The American Presidency And Racism Nothing New, But Donald Trump’s Comment Way Beyond The Pale, And Should Force His Resignation!

The American Presidency and racism is nothing new, but Donald Trump’s comment about Haiti and the continent of Africa being a “shit hole” is way beyond the pale, and should force his resignation as a moral and ethical disgrace!

We know that nine of the first 12 Presidents were slave owners.

We know that Andrew Jackson slaughtered native Americans, and forced thousands to Oklahoma, the disgraceful “Trail of Tears”, and condemned abolitionists and worked to prevent their literature from going through the US Mail.

We know that John Tyler and James K. Polk worked to expand slavery territory.

We know that Andrew Johnson was a white supremacist in a disgraceful way.

We know that Theodore Roosevelt was critical of the mass migration of Catholics and Jews (the “New Immigration”) to America, and did not care about racial discrimination in the South.

We know that Woodrow Wilson was a white supremacist, who segregated the nation’s capital by executive order and refused to give any honors for military service to African Americans, and looked at Japan and China as inferior nations.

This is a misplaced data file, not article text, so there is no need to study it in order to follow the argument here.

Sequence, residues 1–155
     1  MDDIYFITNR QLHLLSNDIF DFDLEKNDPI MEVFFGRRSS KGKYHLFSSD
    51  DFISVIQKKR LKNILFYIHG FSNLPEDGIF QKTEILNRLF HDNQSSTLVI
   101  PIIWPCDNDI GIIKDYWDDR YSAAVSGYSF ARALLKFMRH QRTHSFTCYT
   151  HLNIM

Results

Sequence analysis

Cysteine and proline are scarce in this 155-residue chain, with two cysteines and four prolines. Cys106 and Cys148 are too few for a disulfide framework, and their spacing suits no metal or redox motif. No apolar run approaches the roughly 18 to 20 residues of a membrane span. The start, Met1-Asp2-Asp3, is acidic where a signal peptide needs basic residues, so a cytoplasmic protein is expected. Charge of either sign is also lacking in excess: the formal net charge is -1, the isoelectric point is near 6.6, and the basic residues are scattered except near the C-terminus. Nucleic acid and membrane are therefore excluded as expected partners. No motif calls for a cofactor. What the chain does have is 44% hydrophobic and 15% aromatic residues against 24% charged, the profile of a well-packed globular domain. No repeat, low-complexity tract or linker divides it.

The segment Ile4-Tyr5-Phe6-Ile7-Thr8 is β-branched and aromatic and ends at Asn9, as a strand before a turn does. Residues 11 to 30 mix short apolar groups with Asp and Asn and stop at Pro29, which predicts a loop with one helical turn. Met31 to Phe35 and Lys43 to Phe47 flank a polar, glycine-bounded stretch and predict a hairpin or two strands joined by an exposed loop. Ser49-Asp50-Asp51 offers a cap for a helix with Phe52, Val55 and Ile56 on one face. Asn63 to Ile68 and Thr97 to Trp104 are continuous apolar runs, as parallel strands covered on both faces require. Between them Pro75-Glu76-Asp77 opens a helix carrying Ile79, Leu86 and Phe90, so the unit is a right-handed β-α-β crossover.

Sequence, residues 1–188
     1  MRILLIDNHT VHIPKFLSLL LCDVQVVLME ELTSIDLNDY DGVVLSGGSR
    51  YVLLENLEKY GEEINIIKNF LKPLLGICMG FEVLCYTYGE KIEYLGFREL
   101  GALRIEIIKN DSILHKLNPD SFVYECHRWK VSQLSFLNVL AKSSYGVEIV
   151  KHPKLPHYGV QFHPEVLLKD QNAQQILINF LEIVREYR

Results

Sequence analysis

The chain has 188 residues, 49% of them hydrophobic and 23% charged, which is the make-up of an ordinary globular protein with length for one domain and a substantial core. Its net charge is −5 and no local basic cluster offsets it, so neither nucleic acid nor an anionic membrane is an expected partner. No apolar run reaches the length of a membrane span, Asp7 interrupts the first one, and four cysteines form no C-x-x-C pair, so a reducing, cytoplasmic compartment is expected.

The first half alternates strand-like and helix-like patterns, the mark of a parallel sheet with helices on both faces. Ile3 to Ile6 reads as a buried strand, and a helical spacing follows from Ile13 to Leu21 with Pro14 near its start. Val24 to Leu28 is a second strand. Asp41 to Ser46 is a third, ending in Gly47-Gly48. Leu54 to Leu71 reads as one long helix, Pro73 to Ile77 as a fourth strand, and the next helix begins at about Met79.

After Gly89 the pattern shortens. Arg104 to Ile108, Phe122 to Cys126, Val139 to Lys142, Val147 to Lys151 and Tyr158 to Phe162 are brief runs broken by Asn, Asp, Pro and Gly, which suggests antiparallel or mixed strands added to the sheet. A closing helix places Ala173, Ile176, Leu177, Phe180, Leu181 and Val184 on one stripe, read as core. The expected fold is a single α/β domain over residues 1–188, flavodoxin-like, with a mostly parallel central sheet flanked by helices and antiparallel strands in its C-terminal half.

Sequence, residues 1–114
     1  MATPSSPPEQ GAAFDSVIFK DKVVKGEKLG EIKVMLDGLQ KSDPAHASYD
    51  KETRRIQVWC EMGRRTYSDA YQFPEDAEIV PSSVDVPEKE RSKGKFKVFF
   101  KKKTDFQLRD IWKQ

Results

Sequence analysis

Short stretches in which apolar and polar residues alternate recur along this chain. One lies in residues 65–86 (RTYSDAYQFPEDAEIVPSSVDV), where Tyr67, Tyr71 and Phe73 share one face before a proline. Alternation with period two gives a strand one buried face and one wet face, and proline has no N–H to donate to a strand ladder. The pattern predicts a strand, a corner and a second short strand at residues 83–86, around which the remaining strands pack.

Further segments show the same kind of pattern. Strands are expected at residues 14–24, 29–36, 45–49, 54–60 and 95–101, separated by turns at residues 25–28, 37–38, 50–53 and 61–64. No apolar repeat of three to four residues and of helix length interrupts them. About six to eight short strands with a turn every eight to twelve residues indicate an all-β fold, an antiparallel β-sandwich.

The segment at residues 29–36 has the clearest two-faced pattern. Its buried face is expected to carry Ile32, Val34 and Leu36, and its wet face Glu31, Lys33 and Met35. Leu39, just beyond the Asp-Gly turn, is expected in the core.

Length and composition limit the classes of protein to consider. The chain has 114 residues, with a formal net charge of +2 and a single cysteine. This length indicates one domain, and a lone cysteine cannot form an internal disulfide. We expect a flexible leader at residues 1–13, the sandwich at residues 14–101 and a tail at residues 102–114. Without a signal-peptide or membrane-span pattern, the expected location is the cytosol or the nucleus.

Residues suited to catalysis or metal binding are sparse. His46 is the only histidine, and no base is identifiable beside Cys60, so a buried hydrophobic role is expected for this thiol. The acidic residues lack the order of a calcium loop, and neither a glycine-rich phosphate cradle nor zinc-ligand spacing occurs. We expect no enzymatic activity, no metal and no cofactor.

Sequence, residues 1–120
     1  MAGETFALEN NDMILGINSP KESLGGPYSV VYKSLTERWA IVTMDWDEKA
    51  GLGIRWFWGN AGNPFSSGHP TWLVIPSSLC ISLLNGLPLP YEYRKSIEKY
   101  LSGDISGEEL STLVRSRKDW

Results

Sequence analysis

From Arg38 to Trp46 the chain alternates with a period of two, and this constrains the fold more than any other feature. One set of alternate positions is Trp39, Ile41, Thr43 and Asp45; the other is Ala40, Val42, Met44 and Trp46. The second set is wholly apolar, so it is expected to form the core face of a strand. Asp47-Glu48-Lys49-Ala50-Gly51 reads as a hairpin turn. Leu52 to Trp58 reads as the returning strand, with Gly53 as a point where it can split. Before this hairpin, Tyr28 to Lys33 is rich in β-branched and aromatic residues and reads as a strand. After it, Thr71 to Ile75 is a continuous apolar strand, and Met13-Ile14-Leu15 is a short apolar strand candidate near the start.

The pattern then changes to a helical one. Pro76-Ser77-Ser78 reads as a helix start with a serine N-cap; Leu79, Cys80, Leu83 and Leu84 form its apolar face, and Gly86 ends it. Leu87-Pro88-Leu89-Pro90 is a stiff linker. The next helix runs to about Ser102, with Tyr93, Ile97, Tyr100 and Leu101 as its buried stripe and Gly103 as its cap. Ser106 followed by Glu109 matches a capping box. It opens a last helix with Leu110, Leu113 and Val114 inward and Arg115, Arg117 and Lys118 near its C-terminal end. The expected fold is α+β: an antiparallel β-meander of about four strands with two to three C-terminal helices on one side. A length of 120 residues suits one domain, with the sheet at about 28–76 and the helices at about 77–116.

We know that Franklin D. Roosevelt failed to take adequate action against the Holocaust that killed millions of Jews and others in World War II, and failed to move against racial discrimination, although his wife Eleanor did speak up and take whatever actions she could, as First Lady.

We know that Richard Nixon was antisemitic, and said biased statements against Jews and African Americans on the Watergate Tapes, which were recorded in the Oval Office.

We know there were other actions by Presidents which showed reluctance or refusal to take action against racism and antisemitism.

But Donald Trump, by his public utterance yesterday, and so many other statements and actions before he became President, and since he became President, is the most vile racist of them all, including his wish to deport tens of thousands of Haitians, Salvadorans, and Hondurans, and his lack of concern about the horrible damage done to Puerto Rico and the US Virgin Islands during the hurricane season.

For that, Donald Trump will go down as the bottom of the list of all of our Presidents, and we MUST work to get him out of office before he does much more damage beyond what he has done!